Author Archives: Chris Brownell
The Fall semester (I have been in education so long I don’t see seasons as much as school terms), is one that is full of conferences and opportunities to reach out into the broader educational community. In my dual roles between AIMS and FPU, I end up at a significant number of conferences. This Fall… Continue Reading
Joining us via Skype this week is Dr. Kristof Fenyvesi. He is a professor at Yväskyla Yliopisto (University of Yyvaskyla, Finland). He talks to us about his involvement in the Bridges Mathematics and Art movement and how art and math are connected in the mind. Kristof is a fascinating man, and was a pleasure to interview.
Dr. Richard Kriegbaum is the present President of Fresno Pacific University, and was the President in the era when “The Fresno Pacific Math Project” became “Activities Integrating Math & Science” which later became AIMS. He tells us a bit of the history, some of the present day realities and informs our future. He describes a unique partnership, one that is not found in many academic settings at all. These two organizations have a rich, and mutually beneficial, symbiosis. His hopes for the future of this relationship are made clear as well.
The Colloquium Series here at the AIMS Center has been chugging along nicely this year. We have an average attendance of a little over 39 people, including online and face to face attendees. Our topics have ranged from philosophical to pedagogical, with a healthy dose of content and technology thrown in for flavor. The overall… Continue Reading
In this episode recorded in September but released in December, Matthew and I discuss a few of his projects, music videos, TV shows, and books. His mission is to affect as many people as he can with the joy of doing mathematics in multiple ways. His focus has been upon student representations of concepts. We end up discussing how pop-culture can be leveraged to engage students. For him, knowledge is constructed by students in the doing of mathematics. Finally we look at a couple of organizations he supports “With Math I Can” on Amazon, and “The Global Math Project” sponsored originally by the Mathematical Association of America via James Tanton.
Lesley Gates joins us on the podcast this week. She briefly describes some of the goals, purposes, and benefits of the new science standards that are in the process of being incorporated in public schools across the US. With an emphasis on the “Doing” of science rather than reading about it from books; along with developing and fostering a sense of curiosity and wonder about the natural and human-made worlds, the NGSS hope to bring science back to a more prominent role in schooling than it has been over the last few decades. Lesley describes with great passion some of her hopes for these standards.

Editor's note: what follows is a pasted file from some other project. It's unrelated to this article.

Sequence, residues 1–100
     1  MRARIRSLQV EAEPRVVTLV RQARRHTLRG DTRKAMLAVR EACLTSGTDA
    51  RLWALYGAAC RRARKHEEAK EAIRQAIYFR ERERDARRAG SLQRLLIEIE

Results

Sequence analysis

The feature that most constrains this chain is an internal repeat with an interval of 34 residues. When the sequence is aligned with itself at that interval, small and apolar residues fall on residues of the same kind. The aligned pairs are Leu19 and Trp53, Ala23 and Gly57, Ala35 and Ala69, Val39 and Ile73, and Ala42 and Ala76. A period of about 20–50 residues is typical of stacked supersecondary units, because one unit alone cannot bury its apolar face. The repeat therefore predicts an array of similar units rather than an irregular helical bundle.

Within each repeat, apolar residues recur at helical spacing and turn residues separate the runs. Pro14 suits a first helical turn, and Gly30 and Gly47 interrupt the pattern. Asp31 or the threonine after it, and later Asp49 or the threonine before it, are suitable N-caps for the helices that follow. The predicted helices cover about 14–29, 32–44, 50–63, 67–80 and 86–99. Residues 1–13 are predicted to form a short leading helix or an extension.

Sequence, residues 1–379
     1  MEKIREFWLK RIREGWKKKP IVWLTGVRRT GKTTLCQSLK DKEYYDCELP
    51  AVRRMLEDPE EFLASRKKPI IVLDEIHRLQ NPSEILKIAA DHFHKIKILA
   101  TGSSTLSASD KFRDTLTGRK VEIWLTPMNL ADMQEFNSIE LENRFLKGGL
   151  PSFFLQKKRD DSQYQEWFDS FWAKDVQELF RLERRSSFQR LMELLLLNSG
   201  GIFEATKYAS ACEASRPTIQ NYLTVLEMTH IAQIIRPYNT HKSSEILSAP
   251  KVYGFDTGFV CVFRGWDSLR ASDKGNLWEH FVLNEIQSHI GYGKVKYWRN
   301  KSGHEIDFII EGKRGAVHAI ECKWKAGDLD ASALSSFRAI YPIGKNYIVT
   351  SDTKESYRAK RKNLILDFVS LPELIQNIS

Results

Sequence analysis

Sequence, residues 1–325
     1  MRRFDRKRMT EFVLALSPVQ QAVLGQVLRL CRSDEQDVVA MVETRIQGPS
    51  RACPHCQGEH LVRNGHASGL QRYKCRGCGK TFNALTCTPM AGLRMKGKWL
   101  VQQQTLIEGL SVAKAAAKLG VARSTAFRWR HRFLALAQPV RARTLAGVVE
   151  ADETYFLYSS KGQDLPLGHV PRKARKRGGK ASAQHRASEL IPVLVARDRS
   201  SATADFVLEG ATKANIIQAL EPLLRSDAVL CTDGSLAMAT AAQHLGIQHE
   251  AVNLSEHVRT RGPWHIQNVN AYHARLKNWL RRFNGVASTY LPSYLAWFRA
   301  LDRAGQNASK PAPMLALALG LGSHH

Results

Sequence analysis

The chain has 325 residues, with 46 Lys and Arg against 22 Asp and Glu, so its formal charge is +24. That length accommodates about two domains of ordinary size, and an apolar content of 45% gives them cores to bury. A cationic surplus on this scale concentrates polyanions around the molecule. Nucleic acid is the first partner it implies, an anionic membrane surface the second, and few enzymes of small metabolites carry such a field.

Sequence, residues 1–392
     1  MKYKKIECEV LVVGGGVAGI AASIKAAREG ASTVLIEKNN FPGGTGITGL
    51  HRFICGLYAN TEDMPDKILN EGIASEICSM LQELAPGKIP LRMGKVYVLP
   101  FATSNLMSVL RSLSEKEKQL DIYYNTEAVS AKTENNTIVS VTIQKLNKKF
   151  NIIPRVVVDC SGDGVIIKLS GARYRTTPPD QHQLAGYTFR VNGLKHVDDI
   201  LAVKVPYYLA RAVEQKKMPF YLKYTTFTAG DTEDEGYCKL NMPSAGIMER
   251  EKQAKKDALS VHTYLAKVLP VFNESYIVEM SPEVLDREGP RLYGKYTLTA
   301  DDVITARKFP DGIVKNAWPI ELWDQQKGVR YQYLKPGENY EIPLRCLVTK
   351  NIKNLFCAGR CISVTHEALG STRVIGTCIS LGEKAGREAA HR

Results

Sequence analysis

Lori Hamada, the Executive Director of the AIMS Center for Math & Science Education, joins me in the studio this week to flesh out her recent talk on Productive Struggle. We explore a little the four different perspectives of: Teacher, Student, Administrator, and Parent when it comes to this topic. We end with some descriptions of how teachers can access tasks that enhance or provide opportunity for students to productively struggle in their classroom.
So here we are, at the time I write this we have “dropped” (made public) 10 individual podcast sessions. These have come from a wide variety of perspectives and a span of preferences. Don’t be fooled though, while we have dropped these ten, we have almost ten more “in the can” (recorded and nearing their… Continue Reading
Dr. Les Steffe joins us in studio for our longest podcast yet. From his earliest days as a High School Mathematics teacher, Dr. Steffe has focused on what it means to know math. With a research career that spans six decades of consistent investigation into the mathematics of children, Dr. Steffe encourages us all to, “Listen to the student.” and through this join them in the learning process.
A man on a mission to reveal to the world that mathematics is a human endeavor, one filled with joy, discovery, and lots of passion. We explore a topic within the High School experience in algebra, quadratics, and ask, “Why do we want to teach this?” James sees this topic as a “story, a piece of poetry…” We then pursue a question of, “How does a mathematician stay interested in elementary mathematics?” A brief re-statement of Dr. Tanton’s “Fractions are a really deep and incredibly interesting.” “Do not run away from the feeling of ‘hazy thinking’.